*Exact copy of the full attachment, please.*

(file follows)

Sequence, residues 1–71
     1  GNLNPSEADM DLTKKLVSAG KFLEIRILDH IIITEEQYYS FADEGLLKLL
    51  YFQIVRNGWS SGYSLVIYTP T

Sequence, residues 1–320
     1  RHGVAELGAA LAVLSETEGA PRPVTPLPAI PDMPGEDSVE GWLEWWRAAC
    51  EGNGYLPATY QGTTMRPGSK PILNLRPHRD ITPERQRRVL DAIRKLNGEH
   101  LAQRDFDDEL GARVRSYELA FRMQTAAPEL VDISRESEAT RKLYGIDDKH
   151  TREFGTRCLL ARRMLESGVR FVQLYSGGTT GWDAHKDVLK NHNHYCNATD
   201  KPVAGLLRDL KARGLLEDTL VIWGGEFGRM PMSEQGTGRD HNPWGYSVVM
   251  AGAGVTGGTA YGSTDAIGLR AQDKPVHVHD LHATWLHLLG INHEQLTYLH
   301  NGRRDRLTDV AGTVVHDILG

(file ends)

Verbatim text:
Sequence, residues 1–71
     1  GNLNPSEADM DLTKKLVSAG KFLEIRILDH IIITEEQYYS FADEGLLKLL
    51  YFQIVRNGWS SGYSLVIYTP T

Sequence, residues 1–320
     1  RHGVAELGAA LAVLSETEGA PRPVTPLPAI PDMPGEDSVE GWLEWWRAAC
    51  EGNGYLPATY QGTTMRPGSK PILNLRPHRD ITPERQRRVL DAIRKLNGEH
   101  LAQRDFDDEL GARVRSYELA FRMQTAAPEL VDISRESEAT RKLYGIDDKH
   151  TREFGTRCLL ARRMLESGVR FVQLYSGGTT GWDAHKDVLK NHNHYCNATD
   201  KPVAGLLRDL KARGLLEDTL VIWGGEFGRM PMSEQGTGRD HNPWGYSVVM
   251  AGAGVTGGTA YGSTDAIGLR AQDKPVHVHD LHATWLHLLG INHEQLTYLH
   301  NGRRDRLTDV AGTVVHDILG